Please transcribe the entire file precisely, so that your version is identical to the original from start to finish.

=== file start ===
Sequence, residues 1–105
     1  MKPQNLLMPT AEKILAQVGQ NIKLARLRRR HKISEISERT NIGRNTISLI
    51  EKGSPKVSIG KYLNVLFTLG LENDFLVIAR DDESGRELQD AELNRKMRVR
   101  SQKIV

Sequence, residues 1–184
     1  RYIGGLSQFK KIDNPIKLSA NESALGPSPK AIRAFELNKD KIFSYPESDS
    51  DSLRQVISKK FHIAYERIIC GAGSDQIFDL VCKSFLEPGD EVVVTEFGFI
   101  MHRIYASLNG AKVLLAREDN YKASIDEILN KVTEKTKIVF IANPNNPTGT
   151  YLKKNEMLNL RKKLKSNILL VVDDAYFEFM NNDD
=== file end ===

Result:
Sequence, residues 1–105
     1  MKPQNLLMPT AEKILAQVGQ NIKLARLRRR HKISEISERT NIGRNTISLI
    51  EKGSPKVSIG KYLNVLFTLG LENDFLVIAR DDESGRELQD AELNRKMRVR
   101  SQKIV

Sequence, residues 1–184
     1  RYIGGLSQFK KIDNPIKLSA NESALGPSPK AIRAFELNKD KIFSYPESDS
    51  DSLRQVISKK FHIAYERIIC GAGSDQIFDL VCKSFLEPGD EVVVTEFGFI
   101  MHRIYASLNG AKVLLAREDN YKASIDEILN KVTEKTKIVF IANPNNPTGT
   151  YLKKNEMLNL RKKLKSNILL VVDDAYFEFM NNDD